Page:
The direct contracting component of the Primary Cares Initiative will allow eligible hospice patients to receive curative treatment while also receiving hospice care.
The direct contracting options include three voluntary payment models that are designed to help the U.S. Centers for Medicare & Medicaid Services (CMS) and health care providers reduce the cost of care and improve quality within Medicare fee-for-service programs.
The models adapt and integrate concepts from other programs such as Accountable Care Organizations, the Medicare Shared Savings Program, and Medicare Advantage, as well as strategies used in the private sector.
“One of the areas in which we see tremendous benefit is in this concurrent care for beneficiaries that elect Medicare Hospice Benefit. This is something that is available in pediatrics. This is something that we’ve seen has been very attractive for the Medicare Care Choices Model,” Thomas Cornwell, M.D., executive chairman of Home Centered Care Institute (HCCI), said during a panel at the Hospice News virtual summit on Value-Based Care Strategies for Hospice and Palliative Care. “Just knowing they still have that option makes patients and families feel maybe less closed in, but also allows them to understand and come to terms with their overall disease process and really helps them stay at home.”
Cornwell is also senior medical director of Village Medical at Home, part of Chicago-based VillageMD, and founder of Northwestern Medicine HomeCare Physicians.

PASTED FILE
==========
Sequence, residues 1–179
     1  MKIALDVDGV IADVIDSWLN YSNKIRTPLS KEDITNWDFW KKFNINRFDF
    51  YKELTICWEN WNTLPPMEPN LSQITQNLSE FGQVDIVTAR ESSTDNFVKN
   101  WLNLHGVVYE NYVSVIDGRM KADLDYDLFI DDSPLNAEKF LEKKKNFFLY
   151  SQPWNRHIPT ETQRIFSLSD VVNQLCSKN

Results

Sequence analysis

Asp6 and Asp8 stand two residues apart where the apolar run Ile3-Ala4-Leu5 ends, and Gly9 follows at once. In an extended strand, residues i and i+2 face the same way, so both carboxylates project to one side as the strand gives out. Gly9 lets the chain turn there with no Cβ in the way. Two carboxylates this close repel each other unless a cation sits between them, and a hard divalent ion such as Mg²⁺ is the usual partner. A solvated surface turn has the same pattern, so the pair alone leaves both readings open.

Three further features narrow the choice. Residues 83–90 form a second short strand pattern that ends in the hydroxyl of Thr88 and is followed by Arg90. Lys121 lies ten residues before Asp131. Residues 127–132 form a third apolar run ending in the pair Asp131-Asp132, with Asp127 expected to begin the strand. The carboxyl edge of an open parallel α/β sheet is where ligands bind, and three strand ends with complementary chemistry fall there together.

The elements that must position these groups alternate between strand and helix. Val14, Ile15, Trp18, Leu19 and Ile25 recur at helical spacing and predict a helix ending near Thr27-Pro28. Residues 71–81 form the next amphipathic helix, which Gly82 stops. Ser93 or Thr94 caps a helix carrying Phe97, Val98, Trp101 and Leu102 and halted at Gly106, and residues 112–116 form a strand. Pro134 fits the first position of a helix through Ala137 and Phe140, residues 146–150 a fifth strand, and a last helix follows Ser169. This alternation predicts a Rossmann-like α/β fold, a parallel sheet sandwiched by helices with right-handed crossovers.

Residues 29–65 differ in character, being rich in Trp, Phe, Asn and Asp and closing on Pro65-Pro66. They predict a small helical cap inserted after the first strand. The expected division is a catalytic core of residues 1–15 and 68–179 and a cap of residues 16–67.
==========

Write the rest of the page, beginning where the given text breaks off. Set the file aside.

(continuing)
Medicare covers most hospice care delivered in the United States Though beneficiaries enrolled in the hospice benefit currently must forgo curative treatment, CMS has been exploring alternatives to that policy through the test of its Medicare Care Choices Model, which the agency launched in 2016 and plans to conclude in 2021.
The direct contracting models provide an additional opportunity for patients to receive concurrent care starting in 2021.
The Primary Care First general option is still scheduled to begin on January 1 of next year. The performance period for CMS direct contracting models will likewise be delayed until April 1, as will the program’s Serious Illness Population model. The agency made these delays in response to the fallout of the COVID-19 pandemic.
The Center for Medicare and Medicaid Innovation (CMMI) at first indicated that only large practices of more than 5,000 patients were eligible to participate in direct contracting models. However, CMMI later developed a pathway in the first year for smaller organizations with a threshold of 250 patients. This is designed to address a high-needs population, which the agency defines as patients with a hierarchical condition category (HCC) score greater than 3, or a lower HCC score with multiple unplanned hospital admissions and demonstrated frailty or disability.
Health care organizations would assume 50% risk or 100% total risk for these patients.
“One of the advantages of this program is the ability to provide concurrent care, because a lot of those patients, a lot of oncology patients, will receive expensive therapies. Those patients typically are functionally pretty good, so the ability to provide concurrent hospice care is going to enable hospices to have these patients on service longer and actually would be a better alternative for these patients than something like the [Medicare Care Choices Model],” Eric Bush, M.D., chief medical officer of Hospice of the Chesapeake, said at the Hospice News summit.
Research has indicated that continuing other treatments during hospice has medical benefits for adult patients and can help control or reduce health care costs. A study of more than 13,000 veterans in Veterans Affairs Medical Centers found that patients receiving hospice care concurrent with chemotherapy or radiation therapy were less likely to use more aggressive treatments or be admitted to intensive care compared to similar patients who were not enrolled in hospice, significantly reducing medical costs.